Thursday, December 21, 2006

Thought Control

At last! “Tomorrow will be 0m 0s shorter.”

It’s interesting that today’s Winter Solstice coincides with the New Moon. The Moon will begin to grow as daylight begins to grow.


On December 18 I listed some helpful truths. I want to add the most useful psychological technique I ever learned. It was taught to me by the only psychologist I’ve known who actually helped people change for the better – Dr. Leo Walder of Maryland. I sought him out because he was a behaviorist rather than a “talk forever” therapist. I felt behaviorism was a valid tool, and I wanted to get myself over something that was bothering me.

Dr. Walder said, “I’m going to teach you something called ‘thought control’. I know it sounds awful, but it really works. You close your eyes and picture what it is that’s bothering you – the thought that you don’t want. Hold it in your mind. Close your eyes. Hold it in your mind. . .”

When I was sitting there with my eyes shut, completely focused on what I did not want to think about, I jumped about two inches out of my chair when Dr. Walder shouted in a loud, sharp voice, “STOP!”

“There,” he said. “You do that every time you find yourself dwelling on what makes you unhappy, and you’ll stop thinking about it. You don’t have to yell out loud, but at least yell to yourself.”

It works. If you’re being nagged by something from the past – some resentment or jealousy or anger – or by some worry or fear about the future – confront it with a blast of “thought control” every time it raises its head and it will show up less and less often and eventually should go away completely.

It’s not a bad idea to actually shout out loud, but just a strong inner shout of “Stop!” will do. I find that it also helps simultaneously to visualize an explosion, or a “No Entry” sign – anything to dramatically disrupt the undesirable train of thought.

I’m sure one reason thought control works is that attention can’t be on two things at the same time. (“Another Unexpected Meditation”, Dec. 2, 2006.) If you stop the undesired thought, it will be replaced by another thought or image. (If the bad thought comes back, blast it again.) Shopping for a desirable replacement thought before you blow the bad out of existence is a good idea.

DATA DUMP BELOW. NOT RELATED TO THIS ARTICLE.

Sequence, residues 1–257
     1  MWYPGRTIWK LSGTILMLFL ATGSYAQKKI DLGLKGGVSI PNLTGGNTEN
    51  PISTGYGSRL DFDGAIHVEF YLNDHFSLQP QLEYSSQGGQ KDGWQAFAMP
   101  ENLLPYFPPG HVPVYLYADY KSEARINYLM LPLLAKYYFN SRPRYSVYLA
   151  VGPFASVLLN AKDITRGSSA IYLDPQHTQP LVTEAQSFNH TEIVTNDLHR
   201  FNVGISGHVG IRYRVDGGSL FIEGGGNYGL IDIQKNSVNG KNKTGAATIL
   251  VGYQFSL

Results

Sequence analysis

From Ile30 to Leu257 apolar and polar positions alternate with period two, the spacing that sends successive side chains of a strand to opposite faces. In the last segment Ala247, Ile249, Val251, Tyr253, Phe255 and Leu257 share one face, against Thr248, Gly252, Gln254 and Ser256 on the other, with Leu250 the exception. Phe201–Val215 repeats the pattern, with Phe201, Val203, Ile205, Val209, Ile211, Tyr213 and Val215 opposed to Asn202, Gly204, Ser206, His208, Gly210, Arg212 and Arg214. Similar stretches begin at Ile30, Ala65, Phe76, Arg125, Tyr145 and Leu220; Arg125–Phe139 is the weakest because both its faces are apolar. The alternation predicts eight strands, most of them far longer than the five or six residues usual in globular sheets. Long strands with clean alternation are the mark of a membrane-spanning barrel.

My mother lived happily and independently in her own home into her 90’s, and I’m sure she used a technique like “thought control” even if she never heard Dr. Walder’s term. She simply refused to entertain negative ideas. One of her own mother’s favorite sayings was, “The evil of the day is sufficient thereto” . . . meaning to me, “Never worry about the past or future.”

My mother often said to me when I told her about an upcoming trip or other pleasant plan, “Oh, good! That’ll give me something nice to think about for hours.” Her mind was always filled with happy news and happy anticipation, outings, plants and flowers, painting, music, decorating for every holiday on the calendar . . . even Florida Gators football games, when her driveway would fill up with the cars of guests who would walk to the stadium a few blocks away.

If something unpleasant came up in conversation, Mother would quickly change the subject. You might see her frown for a moment, and then the cloud would go away.

Some would label her a Pollyanna . My sister-in-law said (as a compliment, I think) that Mother was one person who could stand up and look reality square in the face . . . and ignore it completely.

“Pollyannaish” or not, I think my mother’s refusal to dwell on negativism, and her ability to keep beauty and fun in her consciousness, helped her enjoy a long and happy life. What alternative could have been better?

1 comment:

  1. There is something in this, when we know where to apply it. I'm a therapist myself of sorts - not the type who allows clients to wallow in clienthood forever but one who expects them to be completely well in less than ten sessions. They have to work hard.

    Unfortunately it's all too easy to apply a single remedy to all ailments, as this story from an old sage illustrates.

    A very competent healer went from village to village. In one place a young man called him urgently to see his camel, which was choking to death. The healer told him to get two bricks, then hold one of them against the camel's neck whilst he hammered the other side with the other brick. A peach stone which had been lodged in the camel's windpipe shot out. The young man was so impressed that he decided to be a healer himself.

    He went to the next village and asked who was sick. "My grandmother is dying!" said someone so he went to the house and performed the same miraculous cure he'd seen done on the camel.

    "My God! You have killed her!"

    "No, she is just sleeping," said the triumphant new healer and quickly went on his way.